Incredible AP report about Greek Debt and the bailout

Discussion in 'Wall St. News' started by Swan Noir, Dec 16, 2011.

  1. Every news outlet in the world -- including AP -- told us that the banks had agreed to the haircut. Trumpets were blown and champagne corks were popped. We know they are all lying SOB's but this one goes right over the top!

    AP -- 12/16/11


    European officials told The Associated Press that private holders of Greek bonds were resisting EU efforts to persuade them to take a voluntary 50 percent cut in the value of their holdings. The talks in Paris between EU and Greek leaders against representatives of global banks and hedge funds have been very difficult, they said.

    The proposed €100 billion ($130.6 billion) write-off of privately held Greek bonds is supposed to be agreed upon by early next year — and it's central to Greece's second bailout deal. Without it, Greece's debt is forecast to escalate to nearly 200 percent of GDP.
  2. I wouldn't take it, either.

    Let Greece go down, take the 100% haircut secure in the knowledge Greece will *immediately* turn around and borrow from you again at higher rates.
  3. Historically bankrupts (of all stripes) end up returning to the debt markets at much lower rates. Counter-intuitive? Not really ... shedding the debt pisses people off but it dramatically improves the balance sheet. Particularly in the case of sovereigns as they rarely give up a substantial part of their asset base.

    My point though was not about the logic of the decision to take the haircut or not but that the "done deal" was never actually done.

  4. I have no idea where you've been getting your news. The Greek PSI saga has been ongoing for a good long time and it's been common knowledge throughout that they just can't agree. So, contrary to what you say above, the endless headlines about these negotiations going nowhere have been so numerous, they've really gotten on my nerves. To the point where I, frankly, just don't give a damn. So I personally don't recall any media saying it was a done deal.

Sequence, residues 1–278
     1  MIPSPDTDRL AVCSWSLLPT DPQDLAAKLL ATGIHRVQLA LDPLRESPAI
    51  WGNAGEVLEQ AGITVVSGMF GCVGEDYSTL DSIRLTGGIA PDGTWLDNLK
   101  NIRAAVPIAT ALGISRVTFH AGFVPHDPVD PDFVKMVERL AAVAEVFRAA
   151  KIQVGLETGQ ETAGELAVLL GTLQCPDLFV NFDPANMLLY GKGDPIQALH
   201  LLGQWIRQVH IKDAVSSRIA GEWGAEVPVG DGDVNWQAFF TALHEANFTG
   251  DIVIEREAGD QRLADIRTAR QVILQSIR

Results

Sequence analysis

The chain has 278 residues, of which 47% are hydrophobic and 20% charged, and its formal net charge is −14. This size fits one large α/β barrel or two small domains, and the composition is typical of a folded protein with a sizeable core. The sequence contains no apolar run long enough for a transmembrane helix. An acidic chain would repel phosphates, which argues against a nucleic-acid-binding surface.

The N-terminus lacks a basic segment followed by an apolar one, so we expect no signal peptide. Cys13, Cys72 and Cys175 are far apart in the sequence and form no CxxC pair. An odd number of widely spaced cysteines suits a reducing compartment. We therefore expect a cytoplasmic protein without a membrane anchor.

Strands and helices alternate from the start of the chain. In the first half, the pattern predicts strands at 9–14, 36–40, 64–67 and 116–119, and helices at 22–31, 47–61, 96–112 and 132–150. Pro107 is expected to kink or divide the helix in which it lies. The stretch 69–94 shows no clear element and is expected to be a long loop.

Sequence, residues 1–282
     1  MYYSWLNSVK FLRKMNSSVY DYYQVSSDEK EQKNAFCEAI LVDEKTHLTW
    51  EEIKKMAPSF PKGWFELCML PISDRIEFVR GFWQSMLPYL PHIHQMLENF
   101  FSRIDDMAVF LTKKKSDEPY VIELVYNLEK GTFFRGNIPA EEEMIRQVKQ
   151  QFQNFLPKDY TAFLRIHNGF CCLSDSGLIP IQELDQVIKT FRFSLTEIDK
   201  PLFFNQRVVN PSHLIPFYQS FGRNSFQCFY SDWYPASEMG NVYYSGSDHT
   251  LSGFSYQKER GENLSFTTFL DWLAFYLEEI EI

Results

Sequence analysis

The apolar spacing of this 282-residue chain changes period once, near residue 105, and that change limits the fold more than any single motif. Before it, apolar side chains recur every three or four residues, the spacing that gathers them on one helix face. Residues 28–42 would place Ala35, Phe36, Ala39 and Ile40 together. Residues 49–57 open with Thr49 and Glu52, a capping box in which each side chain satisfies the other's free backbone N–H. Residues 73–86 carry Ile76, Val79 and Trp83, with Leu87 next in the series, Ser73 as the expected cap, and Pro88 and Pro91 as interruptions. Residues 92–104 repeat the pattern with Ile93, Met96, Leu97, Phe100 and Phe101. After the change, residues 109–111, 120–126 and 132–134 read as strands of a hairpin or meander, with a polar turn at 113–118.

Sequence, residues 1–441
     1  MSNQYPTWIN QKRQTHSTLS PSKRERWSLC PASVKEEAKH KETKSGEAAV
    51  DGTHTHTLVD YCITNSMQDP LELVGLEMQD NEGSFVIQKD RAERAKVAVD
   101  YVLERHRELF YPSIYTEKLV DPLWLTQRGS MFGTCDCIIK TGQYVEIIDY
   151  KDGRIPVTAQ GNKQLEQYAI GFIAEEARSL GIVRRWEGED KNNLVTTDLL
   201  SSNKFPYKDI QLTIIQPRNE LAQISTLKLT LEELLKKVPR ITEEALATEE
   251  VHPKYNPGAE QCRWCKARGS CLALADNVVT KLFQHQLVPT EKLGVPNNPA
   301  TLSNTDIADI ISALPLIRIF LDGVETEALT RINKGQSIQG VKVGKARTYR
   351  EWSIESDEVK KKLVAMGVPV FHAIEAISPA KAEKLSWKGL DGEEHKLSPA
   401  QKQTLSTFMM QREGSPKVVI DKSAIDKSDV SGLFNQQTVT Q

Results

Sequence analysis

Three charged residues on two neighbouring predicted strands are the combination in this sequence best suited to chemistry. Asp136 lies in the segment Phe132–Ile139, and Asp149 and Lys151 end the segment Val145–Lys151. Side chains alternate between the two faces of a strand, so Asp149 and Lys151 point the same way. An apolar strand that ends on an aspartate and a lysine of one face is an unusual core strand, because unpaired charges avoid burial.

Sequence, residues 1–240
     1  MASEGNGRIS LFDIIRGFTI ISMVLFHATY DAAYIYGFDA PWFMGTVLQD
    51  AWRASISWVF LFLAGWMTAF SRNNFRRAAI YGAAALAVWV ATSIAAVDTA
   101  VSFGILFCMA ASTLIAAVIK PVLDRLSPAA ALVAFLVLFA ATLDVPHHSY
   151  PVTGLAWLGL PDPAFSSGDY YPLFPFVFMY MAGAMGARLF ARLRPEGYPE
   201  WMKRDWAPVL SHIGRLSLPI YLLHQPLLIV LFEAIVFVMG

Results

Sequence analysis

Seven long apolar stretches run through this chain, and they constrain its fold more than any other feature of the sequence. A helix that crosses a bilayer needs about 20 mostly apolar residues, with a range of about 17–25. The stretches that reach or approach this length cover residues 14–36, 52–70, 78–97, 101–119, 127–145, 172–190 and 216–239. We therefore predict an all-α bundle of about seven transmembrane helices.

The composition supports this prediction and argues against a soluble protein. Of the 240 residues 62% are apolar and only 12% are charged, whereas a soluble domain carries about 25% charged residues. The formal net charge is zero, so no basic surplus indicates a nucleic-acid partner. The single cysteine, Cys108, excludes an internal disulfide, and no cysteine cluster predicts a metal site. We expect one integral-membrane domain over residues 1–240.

5. Martin I have followed your posts for years so when you commented of course I took the comment seriously. After reading articles like this in October i took my eye off Greece (more completely than I thought) and thought Italy, Spain etc. were where the game was centered. Clearly the negotiations continue unabated.

    Thanks for the correction.

  6. m22au


    I'm with you there. It's just ridiculous how frequent these "crisis summits" are taking place. There was one in late October, where the world was supposedly saved. Amazing short squeeze in the various insolvent European banks for two days, then they came crashing down the next week.

    Then another "must take decisive steps" summit last weekend, again with nothing of note determined.

    Eventually, (maybe, hopefully) financial markets will just realise that nothing has been achieved and then the crisis will be finalised, either with defaults, or emergency money printing.
  7. This is actually happening in parallel to the crisis summits. So there's two distinct sets of headlines. Like I said (and to quote a famous song), I, for one, have become comfortably numb.
  8. Greece has no option but to default and go back to own currency otherwise it will have to put up sovereign rights as collateral for issuing bonds with arbitration in London rather than in Greece. Accepting this for a Greek politician may lead to treason charges in the future. Lenders will not accept bonds with Greek arbitration because that will mean they will take a 50% haircut but they still run the risk of a future default.

    In other words, Merkel used Greece as an experiment to see how the private sector will react to similar situations. Greek politicians were stupid enough to enter into a Merkozi game with odds against them. Then Merkel announced no more private sector involvement (haircuts) but Greeks were stuck with a huge stick against their behind.

    I say cul de sac for Greece. They are in a game where others set the rules and change them all the time. No Nash equilibrium can be achieved.
  9. the first to leave the euro will probably benefit the most imo.
  10. I guess you mean they will be in a competitive position with exchange rates for exports to the rest.

    What about if they decide to put import taxes to punish the runaway state?
    #10     Dec 17, 2011